On Air Now
Early Breakfast with Lucy Coward 4am - 6am
14 August 2019, 17:14 | Updated: 14 August 2019, 17:16
In the light of sexual harassment allegations made against Plácido Domingo, major classical concert venues in the US have cancelled upcoming engagements with the 78-year-old Spanish tenor.
Eight singers and one dancer told the publication that the 78-year-old maestro made unwanted sexual advances on them in the 1980s, ‘90s and early 2000s. According to the AP report, many said that when they refused the advances, they stopped getting hired for productions in which Domingo was involved.
The Los Angeles Opera, of which Domingo is general director, has announced an investigation into allegations of sexual harassment made against the Spanish tenor.
L.A. Opera will “engage outside counsel” to investigate the accusations, the opera company said in a statement issued on Tuesday. “We believe all employees and artists should be treated respectfully and feel safe and secure within their work environment.”
Yesterday, the Philadelphia Orchestra and San Francisco Opera announced they would cancel upcoming performances featuring the opera singer.
New York’s Met Opera said it would await results of L.A. Opera’s investigation “before making any final decisions about Mr. Domingo’s future at the Met”. Domingo is scheduled to appear at the Met next month in a production of Verdi’s opera Macbeth.
His concert with San Francisco Opera, on 6 October, had been scheduled to mark Domingo’s 50th anniversary of performing with the company, and was promoted as a ‘special one performance-only event’ with ‘one of the most influential singing actors in the history of opera’.
The opera house said that although no sexual behaviour is alleged to have taken place at the San Francisco Opera, the company is “committed to its strong anti-sexual harassment policy and requires all company members to adhere to the highest standards of professional conduct.”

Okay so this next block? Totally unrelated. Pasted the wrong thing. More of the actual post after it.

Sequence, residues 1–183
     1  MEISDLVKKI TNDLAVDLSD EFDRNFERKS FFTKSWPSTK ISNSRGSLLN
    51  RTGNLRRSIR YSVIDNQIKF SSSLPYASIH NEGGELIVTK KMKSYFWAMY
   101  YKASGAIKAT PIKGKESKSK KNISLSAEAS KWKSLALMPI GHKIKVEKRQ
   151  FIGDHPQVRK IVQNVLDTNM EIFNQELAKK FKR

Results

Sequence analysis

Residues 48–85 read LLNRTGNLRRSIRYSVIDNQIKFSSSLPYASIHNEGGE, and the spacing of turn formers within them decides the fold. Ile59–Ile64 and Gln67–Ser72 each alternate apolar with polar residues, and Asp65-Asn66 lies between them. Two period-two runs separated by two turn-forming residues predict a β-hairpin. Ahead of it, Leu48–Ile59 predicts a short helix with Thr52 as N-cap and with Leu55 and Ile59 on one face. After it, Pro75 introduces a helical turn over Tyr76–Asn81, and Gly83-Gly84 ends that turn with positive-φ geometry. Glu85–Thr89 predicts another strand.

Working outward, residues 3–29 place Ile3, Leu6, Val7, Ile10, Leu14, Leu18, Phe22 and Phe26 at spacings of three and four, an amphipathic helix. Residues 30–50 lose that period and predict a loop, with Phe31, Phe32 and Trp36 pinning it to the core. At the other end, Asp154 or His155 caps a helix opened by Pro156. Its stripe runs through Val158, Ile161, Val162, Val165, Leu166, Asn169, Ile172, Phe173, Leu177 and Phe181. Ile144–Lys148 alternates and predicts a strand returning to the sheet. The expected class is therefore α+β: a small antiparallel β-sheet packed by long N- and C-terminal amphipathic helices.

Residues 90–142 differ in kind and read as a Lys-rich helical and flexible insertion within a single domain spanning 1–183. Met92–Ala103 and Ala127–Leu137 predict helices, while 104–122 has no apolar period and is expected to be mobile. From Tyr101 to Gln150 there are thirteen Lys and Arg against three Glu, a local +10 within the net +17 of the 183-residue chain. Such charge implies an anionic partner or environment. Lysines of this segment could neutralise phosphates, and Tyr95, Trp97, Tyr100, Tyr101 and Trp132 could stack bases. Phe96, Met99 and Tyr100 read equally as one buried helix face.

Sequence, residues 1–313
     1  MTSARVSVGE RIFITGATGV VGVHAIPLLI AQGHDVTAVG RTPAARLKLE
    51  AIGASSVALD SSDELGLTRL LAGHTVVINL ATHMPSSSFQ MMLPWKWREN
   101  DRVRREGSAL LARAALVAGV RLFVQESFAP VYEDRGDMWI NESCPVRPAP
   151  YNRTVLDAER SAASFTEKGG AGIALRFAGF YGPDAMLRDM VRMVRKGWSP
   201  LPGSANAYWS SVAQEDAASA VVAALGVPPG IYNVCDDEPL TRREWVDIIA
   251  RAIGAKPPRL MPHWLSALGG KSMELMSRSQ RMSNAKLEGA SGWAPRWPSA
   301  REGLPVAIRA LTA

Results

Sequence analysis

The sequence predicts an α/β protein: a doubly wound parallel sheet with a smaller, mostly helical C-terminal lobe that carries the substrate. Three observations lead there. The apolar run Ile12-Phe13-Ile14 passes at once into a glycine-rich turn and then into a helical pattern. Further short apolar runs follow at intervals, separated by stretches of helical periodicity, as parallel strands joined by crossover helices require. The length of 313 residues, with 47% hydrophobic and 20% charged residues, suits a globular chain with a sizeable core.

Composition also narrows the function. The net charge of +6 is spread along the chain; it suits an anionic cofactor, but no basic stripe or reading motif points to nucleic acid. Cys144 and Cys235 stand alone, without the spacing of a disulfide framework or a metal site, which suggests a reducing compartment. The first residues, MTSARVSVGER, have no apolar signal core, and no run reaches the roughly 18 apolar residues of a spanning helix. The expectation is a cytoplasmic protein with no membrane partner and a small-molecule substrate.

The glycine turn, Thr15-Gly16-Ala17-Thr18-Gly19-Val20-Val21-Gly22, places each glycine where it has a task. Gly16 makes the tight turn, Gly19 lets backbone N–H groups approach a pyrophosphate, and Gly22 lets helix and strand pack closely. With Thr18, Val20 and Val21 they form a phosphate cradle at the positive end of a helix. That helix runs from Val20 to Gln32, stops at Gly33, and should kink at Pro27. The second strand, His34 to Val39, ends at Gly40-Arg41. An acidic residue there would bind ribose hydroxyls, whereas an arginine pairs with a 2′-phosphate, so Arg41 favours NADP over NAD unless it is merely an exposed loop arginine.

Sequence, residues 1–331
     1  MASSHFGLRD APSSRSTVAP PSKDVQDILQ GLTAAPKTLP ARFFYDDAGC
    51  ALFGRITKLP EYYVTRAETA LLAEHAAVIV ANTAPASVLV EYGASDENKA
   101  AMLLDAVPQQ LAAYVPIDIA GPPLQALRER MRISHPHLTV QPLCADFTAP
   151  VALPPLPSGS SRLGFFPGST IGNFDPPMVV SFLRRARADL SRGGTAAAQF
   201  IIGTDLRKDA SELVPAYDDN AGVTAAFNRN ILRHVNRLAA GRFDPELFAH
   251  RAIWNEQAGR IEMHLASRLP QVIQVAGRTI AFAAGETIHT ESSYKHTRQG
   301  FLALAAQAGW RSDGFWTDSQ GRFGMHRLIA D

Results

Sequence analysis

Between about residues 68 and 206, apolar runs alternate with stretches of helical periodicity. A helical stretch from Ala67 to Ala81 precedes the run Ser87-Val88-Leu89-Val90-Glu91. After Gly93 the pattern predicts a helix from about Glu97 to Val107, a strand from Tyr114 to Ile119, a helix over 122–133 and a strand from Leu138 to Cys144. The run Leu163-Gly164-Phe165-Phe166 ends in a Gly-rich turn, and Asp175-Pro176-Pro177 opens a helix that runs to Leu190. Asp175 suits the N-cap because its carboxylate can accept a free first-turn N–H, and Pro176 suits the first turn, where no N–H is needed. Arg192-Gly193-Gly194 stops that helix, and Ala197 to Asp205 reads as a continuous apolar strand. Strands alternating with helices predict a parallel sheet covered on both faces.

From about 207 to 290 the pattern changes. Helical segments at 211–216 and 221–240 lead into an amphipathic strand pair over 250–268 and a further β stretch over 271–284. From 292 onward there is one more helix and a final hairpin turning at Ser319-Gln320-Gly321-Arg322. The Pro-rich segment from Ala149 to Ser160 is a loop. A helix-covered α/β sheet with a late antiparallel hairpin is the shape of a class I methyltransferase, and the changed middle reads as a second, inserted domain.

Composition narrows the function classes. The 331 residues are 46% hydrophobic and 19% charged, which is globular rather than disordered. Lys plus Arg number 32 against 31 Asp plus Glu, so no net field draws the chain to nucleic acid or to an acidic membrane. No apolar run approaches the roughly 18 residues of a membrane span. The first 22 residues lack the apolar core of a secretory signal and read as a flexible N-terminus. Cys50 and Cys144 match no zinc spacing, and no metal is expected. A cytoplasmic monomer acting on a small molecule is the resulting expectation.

The Philadelphia Orchestra also withdrew its invitation for Domingo to appear at its opening night concert next month, saying: “We are committed to providing a safe, supportive, respectful, and appropriate environment for the orchestra and staff, for collaborating artists and composers, and for our audiences and communities.”
Domingo, a Grammy Award-winning opera singer and conductor, is one of the most respected and powerful figures in opera. Also famous for being one of The Three Tenors, he still performs sell-out shows worldwide.
The alleged harassment took place over three decades, and while Domingo was married. According to AP, one accuser said Domingo stuck his hand down her skirt, while three others said he forcibly kissed them.
Many of the women, including a mezzo soprano who sang in the L.A. Opera chorus in 1988, told AP that when they turned down his sexual advances, they were punished in their careers.
L.A. Opera’s statement notes that Domingo has been “a dynamic creative force in the life of L.A. Opera and the artistic culture of Los Angeles for more than three decades. Nevertheless, we are committed to doing everything we can to foster a professional and collaborative environment where all our employees and artists feel equally comfortable, valued and respected.”
Domingo has called the allegations “deeply troubling and, as presented inaccurate,” adding, “I believed that all of my interactions and relationships were always welcomed and consensual.”
The tenor also noted: “Still, it is painful to hear that I may have upset anyone or made them feel uncomfortable.”
Domingo is scheduled to appear at the Salzburg Festival in Austria on 31 August – his next scheduled performance. Festival president Helga Rabl-Stadler said he will appear as planned.
“I have known Plácido Domingo for more than 25 years,” she said in a statement.
“In addition to his artistic competence, I was impressed from the very beginning by his appreciative treatment of all festival employees.
“I would find it factually wrong and morally irresponsible to make irreversible judgments at this point,” she said.